Aftermarket Denon Deck



    Old 10 disc mounted behind the passenger seat!



    It took the shop about 2 days to install the new radio. What the shop didn't explain to me in advance was that they would have to bypass the OEM Bodysonic controls in order to get the radio to work with the seat speakers. I wasn't exactly sure how they wired everything, nor was it clear as to why they had to configure the system this way in order to make it function at all. I was too naive to ask. A new toggle switch was mounted on the aftermarket radio mounting bracket, adjacent to the radio. This switch would turn the Bodysonic speakers on or off, and the intensity was relative to the radio volume. This worked well enough, but you really had to crank the radio in order to really feel anything. Still, overall I was happy with the system; I still loved my Z...



    Here you can see how the aftermarket wires were spliced into the harness for the passenger seat bodysonic controls. The rear speaker amp was removed, but is shown here sitting in the original position. The module under the seat is for the factory alarm. There is an extra blue harness for the power seat that is not used on Anniversary models.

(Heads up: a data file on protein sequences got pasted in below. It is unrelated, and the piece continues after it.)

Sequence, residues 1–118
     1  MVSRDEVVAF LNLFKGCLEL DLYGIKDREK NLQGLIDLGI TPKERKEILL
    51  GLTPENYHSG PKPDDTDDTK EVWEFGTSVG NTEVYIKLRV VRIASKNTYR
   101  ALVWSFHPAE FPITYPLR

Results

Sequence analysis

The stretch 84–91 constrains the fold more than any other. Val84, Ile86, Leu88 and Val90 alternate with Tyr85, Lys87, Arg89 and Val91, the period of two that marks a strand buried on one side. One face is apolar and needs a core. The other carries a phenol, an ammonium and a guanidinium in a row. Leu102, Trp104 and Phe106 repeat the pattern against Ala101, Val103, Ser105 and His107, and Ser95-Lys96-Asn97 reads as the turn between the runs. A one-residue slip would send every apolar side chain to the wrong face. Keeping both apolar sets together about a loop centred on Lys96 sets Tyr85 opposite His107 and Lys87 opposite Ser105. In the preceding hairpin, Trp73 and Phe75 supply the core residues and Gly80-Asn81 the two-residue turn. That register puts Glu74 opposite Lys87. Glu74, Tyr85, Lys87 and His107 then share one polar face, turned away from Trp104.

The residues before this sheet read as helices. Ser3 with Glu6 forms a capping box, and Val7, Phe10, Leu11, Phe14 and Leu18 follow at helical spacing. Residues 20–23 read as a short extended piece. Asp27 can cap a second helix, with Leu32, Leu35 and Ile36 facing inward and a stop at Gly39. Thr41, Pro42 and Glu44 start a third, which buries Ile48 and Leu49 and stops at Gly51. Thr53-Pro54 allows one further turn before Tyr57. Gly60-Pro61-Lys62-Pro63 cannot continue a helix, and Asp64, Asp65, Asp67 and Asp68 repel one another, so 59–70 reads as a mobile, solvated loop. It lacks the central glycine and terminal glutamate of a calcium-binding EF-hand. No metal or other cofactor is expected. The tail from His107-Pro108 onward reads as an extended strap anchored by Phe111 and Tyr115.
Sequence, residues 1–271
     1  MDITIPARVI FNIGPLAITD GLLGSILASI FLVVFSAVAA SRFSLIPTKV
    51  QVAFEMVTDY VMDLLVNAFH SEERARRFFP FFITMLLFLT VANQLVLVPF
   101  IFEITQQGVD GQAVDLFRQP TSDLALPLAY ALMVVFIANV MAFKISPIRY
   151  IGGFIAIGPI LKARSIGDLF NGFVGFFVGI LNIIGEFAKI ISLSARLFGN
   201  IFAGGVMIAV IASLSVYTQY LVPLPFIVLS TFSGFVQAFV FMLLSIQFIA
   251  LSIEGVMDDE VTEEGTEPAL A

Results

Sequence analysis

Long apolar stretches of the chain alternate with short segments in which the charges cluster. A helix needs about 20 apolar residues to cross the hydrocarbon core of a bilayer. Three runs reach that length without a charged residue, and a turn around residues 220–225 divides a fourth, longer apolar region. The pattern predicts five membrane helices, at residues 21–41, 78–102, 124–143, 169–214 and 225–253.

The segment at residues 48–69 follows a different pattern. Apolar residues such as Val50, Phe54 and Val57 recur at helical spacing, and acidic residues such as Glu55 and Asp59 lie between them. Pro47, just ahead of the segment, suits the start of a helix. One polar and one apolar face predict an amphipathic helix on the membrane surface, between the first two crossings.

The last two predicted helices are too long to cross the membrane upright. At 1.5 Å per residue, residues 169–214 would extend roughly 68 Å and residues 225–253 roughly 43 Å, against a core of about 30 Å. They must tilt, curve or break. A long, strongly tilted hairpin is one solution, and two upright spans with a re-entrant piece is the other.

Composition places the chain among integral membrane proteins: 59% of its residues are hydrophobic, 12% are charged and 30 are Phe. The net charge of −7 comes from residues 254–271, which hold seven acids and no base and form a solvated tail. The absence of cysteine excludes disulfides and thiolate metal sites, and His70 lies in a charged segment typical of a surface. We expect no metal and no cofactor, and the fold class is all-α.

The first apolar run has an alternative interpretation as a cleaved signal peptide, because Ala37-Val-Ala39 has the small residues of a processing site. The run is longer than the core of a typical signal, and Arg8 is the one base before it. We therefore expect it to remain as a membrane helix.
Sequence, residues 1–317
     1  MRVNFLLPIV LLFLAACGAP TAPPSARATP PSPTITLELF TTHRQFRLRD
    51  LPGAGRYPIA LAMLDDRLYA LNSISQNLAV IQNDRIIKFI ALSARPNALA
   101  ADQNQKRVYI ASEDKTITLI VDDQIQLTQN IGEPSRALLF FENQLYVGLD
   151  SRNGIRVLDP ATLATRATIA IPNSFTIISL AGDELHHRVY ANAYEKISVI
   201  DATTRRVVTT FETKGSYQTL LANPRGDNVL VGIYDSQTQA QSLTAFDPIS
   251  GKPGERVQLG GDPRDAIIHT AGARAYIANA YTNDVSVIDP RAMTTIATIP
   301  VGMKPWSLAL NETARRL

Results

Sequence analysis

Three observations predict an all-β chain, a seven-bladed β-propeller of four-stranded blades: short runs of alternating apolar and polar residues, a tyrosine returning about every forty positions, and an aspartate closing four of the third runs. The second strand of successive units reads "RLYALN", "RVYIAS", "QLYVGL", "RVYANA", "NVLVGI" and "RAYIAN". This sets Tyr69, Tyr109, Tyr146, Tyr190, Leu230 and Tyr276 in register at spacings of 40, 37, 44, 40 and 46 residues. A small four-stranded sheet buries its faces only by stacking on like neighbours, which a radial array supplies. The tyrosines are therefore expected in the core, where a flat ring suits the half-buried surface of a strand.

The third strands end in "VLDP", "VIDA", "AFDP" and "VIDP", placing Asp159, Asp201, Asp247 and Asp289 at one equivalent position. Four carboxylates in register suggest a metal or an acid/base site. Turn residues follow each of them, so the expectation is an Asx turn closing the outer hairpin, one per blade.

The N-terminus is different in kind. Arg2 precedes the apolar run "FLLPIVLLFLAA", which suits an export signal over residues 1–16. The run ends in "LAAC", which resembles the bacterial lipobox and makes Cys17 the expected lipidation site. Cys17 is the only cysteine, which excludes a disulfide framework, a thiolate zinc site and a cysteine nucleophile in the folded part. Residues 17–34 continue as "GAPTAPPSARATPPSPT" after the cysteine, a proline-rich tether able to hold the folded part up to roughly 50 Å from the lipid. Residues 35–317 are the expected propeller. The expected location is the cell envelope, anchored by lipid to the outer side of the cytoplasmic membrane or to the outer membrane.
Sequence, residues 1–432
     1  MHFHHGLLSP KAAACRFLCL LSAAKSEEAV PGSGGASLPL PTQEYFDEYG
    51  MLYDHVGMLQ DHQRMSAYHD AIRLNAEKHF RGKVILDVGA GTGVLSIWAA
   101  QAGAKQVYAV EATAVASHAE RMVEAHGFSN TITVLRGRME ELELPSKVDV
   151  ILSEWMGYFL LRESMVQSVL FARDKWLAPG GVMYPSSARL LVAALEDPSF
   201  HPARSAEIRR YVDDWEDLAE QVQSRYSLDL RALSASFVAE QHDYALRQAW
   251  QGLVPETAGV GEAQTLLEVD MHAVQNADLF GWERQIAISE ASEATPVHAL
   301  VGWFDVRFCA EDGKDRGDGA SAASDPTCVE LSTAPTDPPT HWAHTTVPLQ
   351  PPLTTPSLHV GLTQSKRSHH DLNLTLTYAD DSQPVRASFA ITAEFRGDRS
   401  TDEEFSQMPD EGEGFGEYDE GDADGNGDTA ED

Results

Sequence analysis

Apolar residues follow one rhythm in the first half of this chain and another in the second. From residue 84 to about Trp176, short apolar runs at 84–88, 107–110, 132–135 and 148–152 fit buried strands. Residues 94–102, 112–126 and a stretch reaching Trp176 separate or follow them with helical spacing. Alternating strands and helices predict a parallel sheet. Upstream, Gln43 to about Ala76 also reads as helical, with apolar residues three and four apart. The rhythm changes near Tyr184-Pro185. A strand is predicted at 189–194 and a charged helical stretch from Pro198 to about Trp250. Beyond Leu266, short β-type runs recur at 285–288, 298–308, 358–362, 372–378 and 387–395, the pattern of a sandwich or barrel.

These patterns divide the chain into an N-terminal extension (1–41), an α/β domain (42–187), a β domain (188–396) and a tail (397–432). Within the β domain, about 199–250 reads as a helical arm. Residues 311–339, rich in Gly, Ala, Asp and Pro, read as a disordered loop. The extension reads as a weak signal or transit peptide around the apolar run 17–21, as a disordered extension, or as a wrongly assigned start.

The shop returned my factory radio, and rear speaker amp in a box... I put it on the shelf in my parent's basement; where it sat for the next 16 years or so...


    A few years ago, I started to get an itch to return the audio system back to stock. Back in 1996 the factory radio simply looked “old and dated” but now it started to look “cool and retro” to my eye. As you know, the trend with modern cars is to replace buttons and knobs with LCD panels (see Cadillac CUE, MyFord Touch, and Infiniti InTouch are just a few examples). In contrast, I love how the factory Z31 radio has huge buttons and knobs, deliberately labeled, with a quirky , not-quite-double DIN layout. The tiny backlit green LCD screen was cutting edge for 1984. The only thing that is missing was a graphic equalizer; which we all know was not adopted on the Z31 until 1985.